Is good health and sanity a Saigon pipe dream?
This week has felt like little more than seven pages ripped off a desk calendar and left in a pile. And, in my case, it would be a pile buried beneath another pile of medicine wrappers and prescription sheets.
Monday, I went to the doctor for the third time. I saw the same Vietnamese lady I’ve seen every time, and I still wonder if she really knows what’s going on. I told her my teeth hurt. It makes perfect sense to me since my sinuses are upset. She thinks maybe I have dental problems. I think she only believed that I was still sick when I spit phlegm into a cup for her. Between all my visits, she has given me so much medicine that I had to write on each thing when to take it. Otherwise, I’d never remember which ones had to be taken an hour before food or with food, which had to be dissolved two in the morning and one at night (or was it one in the morning and two at night?,) which ones causes dizziness, lightheadedness, and photosensitivity, and which ones were going to make me fall asleep within five minutes of taking them. I’m also spraying stuff up my nose and inhaling other stuff. My medicine regimen has more going on than a three ring circus.
And, I’m still not well.
Sitting in her office that day, I started to cry. She thinks that I’m worried I won’t get well, but I’m really just frustrated, and miserable, and feeling a little bit sorry for myself. I can’t help but think that I would never be sick this long if I were at home. I’m tired of it. Tired of being tired. Tired of people being grossed out when I breathe deeply and my chest wheezes. I hate that I live in a city with such high levels of pollution that sickness is a part of most people’s lives. I hate feeling like it’s my fault that I’m sick; that there’s something wrong with ME. I hate saying, “Yes, I know it’s been three weeks, but I am still sick.”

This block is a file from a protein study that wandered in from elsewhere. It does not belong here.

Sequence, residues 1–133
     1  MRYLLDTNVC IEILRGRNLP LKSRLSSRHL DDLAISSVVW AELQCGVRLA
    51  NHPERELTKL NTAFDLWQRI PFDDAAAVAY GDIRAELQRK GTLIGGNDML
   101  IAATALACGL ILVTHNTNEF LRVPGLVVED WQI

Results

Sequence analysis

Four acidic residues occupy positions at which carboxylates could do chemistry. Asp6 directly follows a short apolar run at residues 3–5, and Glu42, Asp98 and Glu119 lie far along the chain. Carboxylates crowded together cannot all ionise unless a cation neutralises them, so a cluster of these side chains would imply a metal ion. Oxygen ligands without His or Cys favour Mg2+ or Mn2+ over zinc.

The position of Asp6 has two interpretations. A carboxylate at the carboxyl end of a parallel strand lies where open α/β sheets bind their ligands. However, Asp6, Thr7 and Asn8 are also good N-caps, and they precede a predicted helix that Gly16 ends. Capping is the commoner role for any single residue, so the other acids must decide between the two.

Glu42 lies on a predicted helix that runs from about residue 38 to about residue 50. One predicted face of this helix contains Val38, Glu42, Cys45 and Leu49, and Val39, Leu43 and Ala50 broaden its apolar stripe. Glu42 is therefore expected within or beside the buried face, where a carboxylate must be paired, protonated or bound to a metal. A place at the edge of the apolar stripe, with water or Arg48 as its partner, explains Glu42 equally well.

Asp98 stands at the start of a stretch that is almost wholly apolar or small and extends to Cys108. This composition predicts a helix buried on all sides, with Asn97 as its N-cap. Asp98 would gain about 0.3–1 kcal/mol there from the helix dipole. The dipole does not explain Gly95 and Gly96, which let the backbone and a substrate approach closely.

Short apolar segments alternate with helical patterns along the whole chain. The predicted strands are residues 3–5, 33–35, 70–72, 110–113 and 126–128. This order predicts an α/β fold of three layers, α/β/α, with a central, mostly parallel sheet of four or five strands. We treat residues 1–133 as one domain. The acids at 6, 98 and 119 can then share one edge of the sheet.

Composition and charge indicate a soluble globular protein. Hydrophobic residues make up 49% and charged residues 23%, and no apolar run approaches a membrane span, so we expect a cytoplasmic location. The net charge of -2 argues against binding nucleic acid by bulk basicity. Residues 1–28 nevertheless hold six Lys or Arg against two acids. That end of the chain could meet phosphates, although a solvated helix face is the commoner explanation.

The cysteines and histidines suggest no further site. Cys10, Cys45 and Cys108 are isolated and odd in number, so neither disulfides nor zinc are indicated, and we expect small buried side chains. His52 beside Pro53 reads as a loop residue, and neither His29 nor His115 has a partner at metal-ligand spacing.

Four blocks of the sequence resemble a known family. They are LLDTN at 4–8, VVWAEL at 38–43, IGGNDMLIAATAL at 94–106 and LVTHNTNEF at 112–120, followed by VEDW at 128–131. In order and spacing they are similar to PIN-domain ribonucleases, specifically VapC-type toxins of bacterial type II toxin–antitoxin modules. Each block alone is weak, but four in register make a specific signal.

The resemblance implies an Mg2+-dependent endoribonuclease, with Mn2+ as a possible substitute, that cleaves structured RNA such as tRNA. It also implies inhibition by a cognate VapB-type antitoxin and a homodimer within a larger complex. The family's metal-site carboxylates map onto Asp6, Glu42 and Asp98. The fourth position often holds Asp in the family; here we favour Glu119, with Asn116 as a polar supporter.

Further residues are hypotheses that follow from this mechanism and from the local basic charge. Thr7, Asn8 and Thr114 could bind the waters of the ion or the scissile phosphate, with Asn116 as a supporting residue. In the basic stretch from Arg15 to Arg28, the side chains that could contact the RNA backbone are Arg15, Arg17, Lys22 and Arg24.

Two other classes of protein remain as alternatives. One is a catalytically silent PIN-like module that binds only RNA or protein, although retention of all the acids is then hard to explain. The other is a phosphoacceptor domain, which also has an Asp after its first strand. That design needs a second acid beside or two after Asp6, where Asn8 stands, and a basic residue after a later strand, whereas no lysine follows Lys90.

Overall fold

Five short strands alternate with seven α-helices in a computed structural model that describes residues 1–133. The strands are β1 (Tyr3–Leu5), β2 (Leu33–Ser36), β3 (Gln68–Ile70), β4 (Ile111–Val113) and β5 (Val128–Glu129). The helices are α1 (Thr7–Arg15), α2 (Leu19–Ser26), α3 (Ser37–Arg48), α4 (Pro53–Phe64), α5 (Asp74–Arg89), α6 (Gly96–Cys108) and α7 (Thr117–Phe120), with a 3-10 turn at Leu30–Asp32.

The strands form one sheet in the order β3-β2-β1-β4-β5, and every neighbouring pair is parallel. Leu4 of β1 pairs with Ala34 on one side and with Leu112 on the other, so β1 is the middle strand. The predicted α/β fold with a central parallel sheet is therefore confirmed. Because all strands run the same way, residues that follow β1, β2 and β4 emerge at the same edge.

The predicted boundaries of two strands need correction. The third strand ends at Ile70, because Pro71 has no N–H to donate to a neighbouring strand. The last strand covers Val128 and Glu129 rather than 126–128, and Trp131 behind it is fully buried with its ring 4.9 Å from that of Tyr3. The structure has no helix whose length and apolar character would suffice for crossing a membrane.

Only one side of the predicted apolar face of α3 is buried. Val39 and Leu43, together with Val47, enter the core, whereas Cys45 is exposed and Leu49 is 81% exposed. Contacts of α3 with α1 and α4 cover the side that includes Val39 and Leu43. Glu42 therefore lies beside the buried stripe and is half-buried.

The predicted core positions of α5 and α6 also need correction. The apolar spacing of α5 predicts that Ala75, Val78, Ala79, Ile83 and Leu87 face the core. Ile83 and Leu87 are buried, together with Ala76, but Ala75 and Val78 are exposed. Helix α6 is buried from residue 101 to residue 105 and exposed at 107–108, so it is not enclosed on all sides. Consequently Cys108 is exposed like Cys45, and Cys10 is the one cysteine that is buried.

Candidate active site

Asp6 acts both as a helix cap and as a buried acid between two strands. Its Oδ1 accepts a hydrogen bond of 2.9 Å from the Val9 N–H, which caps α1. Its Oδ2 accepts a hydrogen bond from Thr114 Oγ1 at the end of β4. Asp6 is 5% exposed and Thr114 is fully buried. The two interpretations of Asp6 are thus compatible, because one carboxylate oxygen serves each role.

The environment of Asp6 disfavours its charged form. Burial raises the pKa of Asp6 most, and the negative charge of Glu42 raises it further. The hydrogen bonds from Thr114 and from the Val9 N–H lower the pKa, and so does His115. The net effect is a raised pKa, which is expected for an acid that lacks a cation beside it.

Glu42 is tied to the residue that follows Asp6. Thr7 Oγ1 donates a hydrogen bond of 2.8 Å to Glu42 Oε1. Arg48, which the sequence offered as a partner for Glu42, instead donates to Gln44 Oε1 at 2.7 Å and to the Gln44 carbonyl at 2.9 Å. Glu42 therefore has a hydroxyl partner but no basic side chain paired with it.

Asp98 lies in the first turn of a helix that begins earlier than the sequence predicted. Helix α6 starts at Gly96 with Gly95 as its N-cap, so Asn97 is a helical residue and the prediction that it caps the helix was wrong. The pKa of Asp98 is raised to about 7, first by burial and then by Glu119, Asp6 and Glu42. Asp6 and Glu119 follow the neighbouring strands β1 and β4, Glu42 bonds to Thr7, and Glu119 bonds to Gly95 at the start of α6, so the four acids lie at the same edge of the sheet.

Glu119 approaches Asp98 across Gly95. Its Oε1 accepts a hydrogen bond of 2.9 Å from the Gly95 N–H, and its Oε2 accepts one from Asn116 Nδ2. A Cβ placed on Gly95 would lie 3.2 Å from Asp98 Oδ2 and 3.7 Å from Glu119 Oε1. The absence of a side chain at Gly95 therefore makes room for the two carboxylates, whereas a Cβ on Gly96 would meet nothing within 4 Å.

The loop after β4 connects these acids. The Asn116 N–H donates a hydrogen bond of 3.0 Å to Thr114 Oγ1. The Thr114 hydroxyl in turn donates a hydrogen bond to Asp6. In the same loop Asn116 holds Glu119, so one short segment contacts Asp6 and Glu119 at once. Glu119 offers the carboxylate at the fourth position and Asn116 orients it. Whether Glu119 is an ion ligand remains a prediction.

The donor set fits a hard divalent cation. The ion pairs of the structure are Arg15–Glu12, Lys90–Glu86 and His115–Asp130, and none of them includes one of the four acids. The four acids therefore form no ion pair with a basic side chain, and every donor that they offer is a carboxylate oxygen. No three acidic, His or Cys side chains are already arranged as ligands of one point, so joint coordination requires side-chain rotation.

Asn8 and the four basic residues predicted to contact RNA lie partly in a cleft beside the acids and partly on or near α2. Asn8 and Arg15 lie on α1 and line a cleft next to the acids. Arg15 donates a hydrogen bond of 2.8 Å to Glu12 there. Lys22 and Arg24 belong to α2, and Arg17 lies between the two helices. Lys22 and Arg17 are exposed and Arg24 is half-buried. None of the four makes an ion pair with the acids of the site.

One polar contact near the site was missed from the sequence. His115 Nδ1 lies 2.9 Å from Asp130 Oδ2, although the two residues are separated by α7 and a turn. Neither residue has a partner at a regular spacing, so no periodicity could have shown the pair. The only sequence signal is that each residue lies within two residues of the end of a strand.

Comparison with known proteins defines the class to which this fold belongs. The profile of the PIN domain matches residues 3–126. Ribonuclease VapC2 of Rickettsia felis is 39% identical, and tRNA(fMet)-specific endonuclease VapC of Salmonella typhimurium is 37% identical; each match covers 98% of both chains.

I have been interning with the editorial staff of a magazine here since the end of January, and so far have been sick for almost half the time I’ve been known them. I’m missing out on opportunities to travel, to socialize, to learn because I’m tired and can’t breathe/can’t stop coughing. I have never been sick this long in my life.
I’m not writing this for pity. I don’t want pity. I have enough self-pity to satisfy even the neediest person. Plus, even with Jonathan in the States, I have many good friends here to take care of me. I just need to explain why I’ve been silent. I am convinced that there is some correlation between sinus blockage and the amount of rational thoughts one can produce, and the few intelligent ones I’ve had this week have all been dedicated to AsiaLife magazine.
Sometimes, I find that the mental aspect of being sick is worse than the actual sickness – the feeling that I’m weak or I’m being judged because of my body’s weakness. Do people actually believe that I’m sick, or do they think I’m faking? Could I have done something to prevent this? Why am I the only one whose sick? (I’m not. Respiratory and sinus issue are extremely common here. But, it feels like it sometimes.)
I can’t be the only one that feels this way. It gives me a new respect for people with chronic illnesses. My three weeks of coughing and snotting is nothing compared to what many people live with – and live through. How can do you handle sickness in a healthy way? What do you do to keep your body from dragging your mind down?
It is now 10:20pm on a lovely Saigon Saturday night, and I’m going to bed. I probably won’t sleep all night since I drink about two gallons of water a day, but I’ll try my best. I think my body will thank me, at least a little bit, in the morning.
Maybe I should follow the example of these local ladies and wear a mask to cut down on the pollution.
Oh yeah, it was about 94 degrees when this picture was taken – hats, masks, hoodies, gloves, jeans, and socks…